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  • Open Access

Immediate implant replacement with DIEP flap: a single-stage salvage option in failed implant-based breast reconstruction

  • 1Email author,
  • 2,
  • 1 and
  • 1
World Journal of Surgical Oncology201816:80

https://doi.org/10.1186/s12957-018-1387-5

  • Received: 17 October 2017
  • Accepted: 10 April 2018
  • Published:

Abstract

Background

Implant-based immediate breast reconstruction after skin-sparing mastectomy has shown a significant improvement in patients’ quality of life, making the procedure steadily more popular year after year. However, this technique has a high morbidity rate, including skin necrosis and implant exposure.

Methods

A retrospective review of a prospectively held database for autologous breast reconstruction in our institution of the last 5 years found eight cases with exposed implants after nipple-sparing mastectomy and immediate reconstruction. A single-stage procedure consisting on implant removal and immediate replacement with a deepithelialized DIEP flap was performed in all cases (10 DIEP flaps).

Results

All flaps were successful. Patients’ mean age was 45 years old. Three patients developed seroma (5, 7, and 14 days after surgery, respectively). No infections were detected in up to 24 months of follow-up.

Conclusions

Nipple-sparing mastectomy with immediate implant-based reconstruction is considered oncologically safe. However, it has a high rate of complications that could require implant removal. Immediate free flap reconstruction is a feasible and safe option to replace the missing volume with low risk of complications that result in a soft and natural-shaped breast.

Keywords

  • Tertiary breast reconstruction
  • Autologous breast reconstruction
  • Implant failure
  • Reconstruction failure

Background

Proven improvement in most patients’ quality of life has made the frequency of immediate breast reconstruction after skin-sparing mastectomy to steadily rise in the last years. Women are also increasingly demanding nipple-sparing and skin-sparing procedures from their surgical oncologists [1].

To date, there is no universally accepted criteria for patient selection for skin-sparing mastectomy; however, the most accepted are tumor size less than 3 cm, tumor location greater than 2 cm from the nipple-sparing mastectomy, clinically negative axillary nodes, absence of skin involvement or inflammatory cancer, and clean margins beneath the nipple [25].

Traditionally, immediate breast reconstruction with implants requires a two-stage procedure including subpectoral placement of a tissue expander at the time of mastectomy followed by replacement of the tissue expander with the definitive breast implant as a second stage once breast expansion has been achieved. Acellular dermal matrix use for pocket creation and total implant coverage after nipple-sparing mastectomy is booming as a one-stage implant-based reconstruction option and has been widely studied and discussed in medical literature [615].

Implant-based reconstruction is associated with risks and complications, which may lead to complete implant loss due to infection, implant exposure, or capsular contracture [1618], the latter with reported incidence higher than 50% of all implant-based reconstructions [19]. Breast infection or implant exposure increases the rate of failure by 30%, and implant loss has been reported to occur in 4 to 18% of all prosthetic breast reconstructions [16]. Failure of primary or secondary breast reconstruction creates a stressful situation for both patient and surgeon, and decisions should be taken to adjust the strategy and eliminate potential causes of recurrent failure [18].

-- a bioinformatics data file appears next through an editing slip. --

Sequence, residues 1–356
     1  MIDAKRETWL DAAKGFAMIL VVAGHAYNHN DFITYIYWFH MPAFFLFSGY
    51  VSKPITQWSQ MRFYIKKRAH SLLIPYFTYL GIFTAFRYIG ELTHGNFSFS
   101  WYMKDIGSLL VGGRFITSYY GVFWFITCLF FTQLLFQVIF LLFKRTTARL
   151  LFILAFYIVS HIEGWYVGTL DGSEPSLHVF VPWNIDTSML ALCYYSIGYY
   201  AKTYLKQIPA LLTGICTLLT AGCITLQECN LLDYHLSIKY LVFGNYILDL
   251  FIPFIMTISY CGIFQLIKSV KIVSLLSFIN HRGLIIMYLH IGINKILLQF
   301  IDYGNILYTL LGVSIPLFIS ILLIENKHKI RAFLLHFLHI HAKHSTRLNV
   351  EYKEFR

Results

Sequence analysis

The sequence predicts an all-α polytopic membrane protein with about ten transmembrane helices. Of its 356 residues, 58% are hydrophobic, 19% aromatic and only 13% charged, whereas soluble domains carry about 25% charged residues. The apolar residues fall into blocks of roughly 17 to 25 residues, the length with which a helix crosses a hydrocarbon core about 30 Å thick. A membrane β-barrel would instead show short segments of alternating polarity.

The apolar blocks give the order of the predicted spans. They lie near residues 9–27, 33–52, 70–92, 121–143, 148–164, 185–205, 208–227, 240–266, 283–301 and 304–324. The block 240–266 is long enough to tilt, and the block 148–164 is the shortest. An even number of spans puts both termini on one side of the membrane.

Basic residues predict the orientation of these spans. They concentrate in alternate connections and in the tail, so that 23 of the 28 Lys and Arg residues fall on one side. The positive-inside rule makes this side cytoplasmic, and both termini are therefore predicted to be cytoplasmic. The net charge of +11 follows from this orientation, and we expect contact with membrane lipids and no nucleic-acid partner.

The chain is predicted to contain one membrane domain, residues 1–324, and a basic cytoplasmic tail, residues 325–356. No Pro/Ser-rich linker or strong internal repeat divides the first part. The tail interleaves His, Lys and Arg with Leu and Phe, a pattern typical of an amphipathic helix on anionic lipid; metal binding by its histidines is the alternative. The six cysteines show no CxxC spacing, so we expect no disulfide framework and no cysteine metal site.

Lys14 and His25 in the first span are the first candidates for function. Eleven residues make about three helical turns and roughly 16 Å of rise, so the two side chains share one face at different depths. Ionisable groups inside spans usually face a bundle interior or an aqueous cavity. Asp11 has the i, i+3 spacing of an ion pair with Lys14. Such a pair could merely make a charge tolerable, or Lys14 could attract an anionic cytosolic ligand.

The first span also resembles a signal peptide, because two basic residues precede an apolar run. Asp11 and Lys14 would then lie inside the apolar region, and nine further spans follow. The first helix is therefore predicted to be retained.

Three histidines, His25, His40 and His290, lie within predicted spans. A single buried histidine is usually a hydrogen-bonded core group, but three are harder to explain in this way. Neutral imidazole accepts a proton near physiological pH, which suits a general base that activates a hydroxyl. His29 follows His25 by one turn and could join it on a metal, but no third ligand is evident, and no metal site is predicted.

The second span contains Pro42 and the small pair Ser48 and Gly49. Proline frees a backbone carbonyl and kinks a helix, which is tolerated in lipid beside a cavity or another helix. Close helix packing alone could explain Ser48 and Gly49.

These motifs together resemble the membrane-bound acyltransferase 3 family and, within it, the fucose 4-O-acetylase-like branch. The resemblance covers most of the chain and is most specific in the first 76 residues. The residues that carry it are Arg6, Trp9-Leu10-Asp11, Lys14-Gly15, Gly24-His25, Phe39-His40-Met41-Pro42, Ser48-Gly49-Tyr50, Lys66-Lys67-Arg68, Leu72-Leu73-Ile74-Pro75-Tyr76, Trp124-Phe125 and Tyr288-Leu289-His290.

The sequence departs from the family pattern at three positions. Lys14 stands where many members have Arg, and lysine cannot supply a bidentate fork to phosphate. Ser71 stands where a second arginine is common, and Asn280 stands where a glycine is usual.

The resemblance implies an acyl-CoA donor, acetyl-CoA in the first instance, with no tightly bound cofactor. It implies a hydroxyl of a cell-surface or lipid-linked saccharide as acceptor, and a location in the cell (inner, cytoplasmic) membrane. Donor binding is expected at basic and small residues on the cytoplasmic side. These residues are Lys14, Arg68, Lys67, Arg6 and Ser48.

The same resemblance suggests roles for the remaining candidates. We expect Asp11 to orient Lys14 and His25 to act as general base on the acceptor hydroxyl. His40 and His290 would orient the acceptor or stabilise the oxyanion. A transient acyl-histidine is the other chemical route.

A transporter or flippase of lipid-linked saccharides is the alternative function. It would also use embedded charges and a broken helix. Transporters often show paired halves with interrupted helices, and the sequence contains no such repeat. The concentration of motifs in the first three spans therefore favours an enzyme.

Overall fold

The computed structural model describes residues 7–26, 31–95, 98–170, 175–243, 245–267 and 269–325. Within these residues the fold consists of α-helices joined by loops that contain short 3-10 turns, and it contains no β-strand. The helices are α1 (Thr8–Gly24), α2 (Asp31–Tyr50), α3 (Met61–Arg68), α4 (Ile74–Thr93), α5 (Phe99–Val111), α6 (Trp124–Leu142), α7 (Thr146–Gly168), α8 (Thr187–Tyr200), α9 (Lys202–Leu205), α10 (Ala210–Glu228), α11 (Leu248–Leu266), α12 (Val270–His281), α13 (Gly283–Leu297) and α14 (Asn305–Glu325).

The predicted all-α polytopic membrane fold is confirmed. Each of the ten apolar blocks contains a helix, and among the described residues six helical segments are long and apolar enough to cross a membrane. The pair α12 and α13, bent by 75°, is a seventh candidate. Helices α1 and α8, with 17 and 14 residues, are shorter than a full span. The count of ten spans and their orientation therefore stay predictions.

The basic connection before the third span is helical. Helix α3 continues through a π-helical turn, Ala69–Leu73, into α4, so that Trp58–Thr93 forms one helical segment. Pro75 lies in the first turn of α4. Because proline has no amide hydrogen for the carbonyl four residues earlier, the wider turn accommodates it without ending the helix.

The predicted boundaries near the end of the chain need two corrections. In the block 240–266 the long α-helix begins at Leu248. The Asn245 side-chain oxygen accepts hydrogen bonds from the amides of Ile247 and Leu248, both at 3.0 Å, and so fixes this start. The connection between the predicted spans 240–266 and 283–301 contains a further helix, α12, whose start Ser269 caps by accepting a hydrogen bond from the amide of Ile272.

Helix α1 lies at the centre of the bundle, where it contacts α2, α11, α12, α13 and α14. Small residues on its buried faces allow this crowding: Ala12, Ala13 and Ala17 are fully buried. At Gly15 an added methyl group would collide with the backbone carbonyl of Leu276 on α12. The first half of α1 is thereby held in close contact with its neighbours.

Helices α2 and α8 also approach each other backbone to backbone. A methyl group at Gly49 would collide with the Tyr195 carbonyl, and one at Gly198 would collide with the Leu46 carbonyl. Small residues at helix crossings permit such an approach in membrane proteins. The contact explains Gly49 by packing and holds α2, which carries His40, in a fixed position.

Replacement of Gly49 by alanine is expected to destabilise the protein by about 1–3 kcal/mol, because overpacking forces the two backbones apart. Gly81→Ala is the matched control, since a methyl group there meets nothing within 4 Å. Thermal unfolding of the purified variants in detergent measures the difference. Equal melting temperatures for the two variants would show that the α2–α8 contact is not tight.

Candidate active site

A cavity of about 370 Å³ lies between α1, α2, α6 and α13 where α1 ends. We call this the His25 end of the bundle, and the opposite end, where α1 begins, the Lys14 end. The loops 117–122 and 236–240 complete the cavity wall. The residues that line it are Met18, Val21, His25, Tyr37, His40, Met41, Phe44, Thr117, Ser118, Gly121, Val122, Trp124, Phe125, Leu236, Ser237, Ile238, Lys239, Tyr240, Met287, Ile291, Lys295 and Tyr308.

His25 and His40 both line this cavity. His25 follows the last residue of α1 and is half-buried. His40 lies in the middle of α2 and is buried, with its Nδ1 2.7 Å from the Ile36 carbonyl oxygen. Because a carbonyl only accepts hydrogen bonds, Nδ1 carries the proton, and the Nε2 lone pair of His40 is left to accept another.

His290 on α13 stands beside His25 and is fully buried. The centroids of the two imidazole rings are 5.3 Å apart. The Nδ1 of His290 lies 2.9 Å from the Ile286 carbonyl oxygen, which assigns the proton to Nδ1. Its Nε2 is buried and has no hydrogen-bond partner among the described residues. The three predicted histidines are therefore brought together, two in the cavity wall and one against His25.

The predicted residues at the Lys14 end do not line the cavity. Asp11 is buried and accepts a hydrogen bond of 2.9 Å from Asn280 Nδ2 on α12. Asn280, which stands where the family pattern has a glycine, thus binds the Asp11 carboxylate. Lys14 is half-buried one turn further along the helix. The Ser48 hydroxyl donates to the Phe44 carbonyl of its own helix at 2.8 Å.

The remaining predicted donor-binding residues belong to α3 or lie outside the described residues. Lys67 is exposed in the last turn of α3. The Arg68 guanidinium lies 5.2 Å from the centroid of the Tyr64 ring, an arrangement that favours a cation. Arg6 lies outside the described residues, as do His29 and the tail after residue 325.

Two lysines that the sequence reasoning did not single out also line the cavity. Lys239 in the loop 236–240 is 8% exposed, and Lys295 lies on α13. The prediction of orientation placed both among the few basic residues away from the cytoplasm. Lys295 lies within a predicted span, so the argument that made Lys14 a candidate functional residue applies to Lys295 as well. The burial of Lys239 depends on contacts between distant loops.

Hamdi et al. coined the term “tertiary breast reconstruction” for those “redo” reconstructions of cases with unsatisfactory results or failure of previous immediate or delayed procedures [17]; several authors have used that term afterwards [2023].

The goal of tertiary reconstruction is the complete restoration of the breast after a failed previous reconstruction; it can be achieved with an implant, autologous tissue, or a combination of both. Long-term implant-based reconstruction complications and improvement on microvascular techniques are making patients ask for autologous reconstruction more often [16, 24]. In 1994, Feng et al. reported the use of autogenous tissue for breast reconstruction following implant failure [25]; nowadays, there are several autologous flaps used for this purpose, such as deep inferior epigastric artery perforator flap (DIEP), superior gluteal artery perforator flap (SGAP), transverse musculocutaneous gracilis flap (TMG), superficial inferior epigastric artery perforator flap (SIEA), and many others [15]. These procedures have the advantage of resulting in a breast that responds to weight changes, that has a natural texture, and that eliminates the risk of capsular contracture, but they require certain microsurgical expertise, lead to additional scars in the donor site, and need longer surgeries than their prosthetic-based counterparts [18, 26, 27].

The purpose of this study was to prove the safety and feasibility of the management of implant exposure after nipple-sparing breast mastectomy and implant-based reconstruction with implant removal and immediate replacement with DIEP flap.

Methods